Citibike has spread like wild fire from Manhattan to parts of Brooklyn and Queens. The growth of Citibikes poses some interesting accident and lawsuit issues.
Citibike is a bike sharing business which has been granted an exclusive franchise from the City to erect bike rental stations throughout New York City roadways and sidewalks. Although Citibike is a word play of Citibank, and the logo and colors have Citibank’s distinctive mark, Citibank’s involvement is solely as a name sponsor, similar to its naming of Citi Field in Queens.
Citibike is owned and operated by NYC Bike Share, LLC, which is a subsidiary of Motivate, a company that runs similar bicycle share programs in Washington, DC, Chicago, and Seattle.
Citibike has come under criticism for renting bikes without helmets. Citibike’s response has been that it is impractical to rent helmets in an automated setting and that the rider has the responsibility of securing a helmet.
Here are some frequently questions:
Q: Is Citibank liable for an injury caused by a Citibike?
A: I would say no. Citibank is merely a “name sponsor” in order to get advertising and positive public relations. Citibank is not involved in the bike rentals. Citibank merely bought the naming rights. Citibank would be no more liable for a bike accident than it would be for a stray ball hitting someone in the stands at Citi Field.
Q: Would New York City be liable for an accident caused by the negligent operation of a Citibike?
A: No. The City merely has granted an exclusive franchise to Citibikes. The City neither operates nor owns the business. In this connection, if the City were to be sued, Citibike’s insurance should cover the City as an additional insured. It is likely that the City would obtain dismissal from the case.
Q: Who would be liable for an accident caused by a defective bike?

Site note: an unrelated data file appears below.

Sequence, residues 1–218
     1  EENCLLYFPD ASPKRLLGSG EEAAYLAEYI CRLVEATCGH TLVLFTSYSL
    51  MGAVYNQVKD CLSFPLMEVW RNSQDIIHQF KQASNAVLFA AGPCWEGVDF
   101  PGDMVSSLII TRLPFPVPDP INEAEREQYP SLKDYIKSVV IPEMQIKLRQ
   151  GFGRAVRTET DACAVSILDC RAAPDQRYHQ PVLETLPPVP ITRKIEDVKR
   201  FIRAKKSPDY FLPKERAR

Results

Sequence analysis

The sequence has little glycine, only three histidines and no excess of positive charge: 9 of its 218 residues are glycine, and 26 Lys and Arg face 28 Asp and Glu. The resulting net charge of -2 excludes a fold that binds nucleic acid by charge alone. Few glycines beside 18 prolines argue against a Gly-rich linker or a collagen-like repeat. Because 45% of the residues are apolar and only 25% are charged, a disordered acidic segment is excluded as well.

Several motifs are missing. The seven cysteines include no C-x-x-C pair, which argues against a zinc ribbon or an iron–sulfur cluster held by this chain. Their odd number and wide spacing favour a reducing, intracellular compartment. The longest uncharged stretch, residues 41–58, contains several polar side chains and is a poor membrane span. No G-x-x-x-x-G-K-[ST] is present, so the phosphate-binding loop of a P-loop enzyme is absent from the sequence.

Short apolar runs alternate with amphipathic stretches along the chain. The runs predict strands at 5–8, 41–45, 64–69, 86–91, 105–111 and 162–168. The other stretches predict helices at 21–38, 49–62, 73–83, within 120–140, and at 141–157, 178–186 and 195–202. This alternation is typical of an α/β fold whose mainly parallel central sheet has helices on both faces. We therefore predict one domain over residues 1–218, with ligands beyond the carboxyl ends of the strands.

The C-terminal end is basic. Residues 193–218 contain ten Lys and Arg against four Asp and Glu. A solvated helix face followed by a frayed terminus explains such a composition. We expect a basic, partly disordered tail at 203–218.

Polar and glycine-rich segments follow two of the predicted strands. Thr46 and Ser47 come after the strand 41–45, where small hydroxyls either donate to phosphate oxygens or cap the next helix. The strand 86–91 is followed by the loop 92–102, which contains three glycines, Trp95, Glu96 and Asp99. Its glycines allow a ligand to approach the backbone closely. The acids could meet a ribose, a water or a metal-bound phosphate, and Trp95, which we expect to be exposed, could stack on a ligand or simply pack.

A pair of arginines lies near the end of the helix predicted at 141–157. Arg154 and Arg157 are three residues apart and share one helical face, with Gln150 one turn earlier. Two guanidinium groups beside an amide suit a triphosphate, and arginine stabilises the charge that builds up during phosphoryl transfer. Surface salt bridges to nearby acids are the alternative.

A: Citibike as owner and operator of the bike rental would be liable. Citibike would have the responsibility of inspection, repair, and maintenance. E.g., if a bicycle wheel fell off and caused the rider to fall or injure another, Citibike could be liable if it could be proven that Citibike failed in either inspection, repair, or maintenance.
Q: Would Citibike be liable for failing to provide helmets?
A: This is an interesting question. On the one hand, the bike docking stations state that the renter should wear a helmet. If a renter were to get injured, then Citibike could claim that it was the renter’s obligation to get a helmet. On the other hand, the renter would claim that Citibike did not offer helmets but should have and that it should be liable for failing to make the available.
Q: Would Citibike be held liable for a renter’s negligent operation of a bike?
A: On this score, I would say no. The law does not create vicarious liability against the owner for the negligence of operator. In comparison, the law imposes vicarious liability in motor vehicles so that the owner is deemed liable for the negligence of the driver. For example, if I were to lend to you my automobile, and if you were to wrongly strike a pedestrian, the pedestrian could sue me as the owner of the motor vehicle. However, in a biking accident, the injured pedestrian can not sue me, the owner of the bicycle.
Q: Does Citibike provide medical or lost income insurance where a rider is injured?
A: No. In the case where a rider loses control, there is no insurance. In the situation where there is a collision between the Citibike and a motor vehicle, the motor vehicle’s insurance will provide medical and lost income to the injured bicyclist under the motorist’s Personal Injury Protection (“PIP”) or No Fault. See the related article on following page.
Q: Is there any obligation for the Citibike renter to carry insurance to protect himself or the public?
A: No. If the renter has insurance covering his home and personal activities, such as homeowners’ or condo or renters’ insurance, then this insurance will protect the renter if the renter is sued in the lawsuit. As for medical and lost income, the bicyclist would not be covered by Citibike, and the biker would have to look to his own medical and disability policies.